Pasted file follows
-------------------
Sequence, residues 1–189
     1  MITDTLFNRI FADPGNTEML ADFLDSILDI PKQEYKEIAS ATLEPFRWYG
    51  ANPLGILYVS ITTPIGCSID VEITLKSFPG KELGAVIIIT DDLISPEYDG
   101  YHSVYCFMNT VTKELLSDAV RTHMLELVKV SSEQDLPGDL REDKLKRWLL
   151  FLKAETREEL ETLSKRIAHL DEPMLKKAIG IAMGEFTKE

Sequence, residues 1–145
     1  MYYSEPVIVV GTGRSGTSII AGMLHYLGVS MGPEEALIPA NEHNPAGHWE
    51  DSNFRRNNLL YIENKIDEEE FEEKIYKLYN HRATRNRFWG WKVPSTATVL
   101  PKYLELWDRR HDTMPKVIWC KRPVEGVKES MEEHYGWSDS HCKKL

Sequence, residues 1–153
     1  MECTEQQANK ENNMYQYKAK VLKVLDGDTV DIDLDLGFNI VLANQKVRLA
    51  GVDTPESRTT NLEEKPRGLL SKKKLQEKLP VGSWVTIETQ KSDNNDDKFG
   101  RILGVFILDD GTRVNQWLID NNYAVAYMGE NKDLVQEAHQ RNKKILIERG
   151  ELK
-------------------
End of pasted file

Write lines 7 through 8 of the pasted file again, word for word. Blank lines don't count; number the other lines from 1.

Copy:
     1  MYYSEPVIVV GTGRSGTSII AGMLHYLGVS MGPEEALIPA NEHNPAGHWE
    51  DSNFRRNNLL YIENKIDEEE FEEKIYKLYN HRATRNRFWG WKVPSTATVL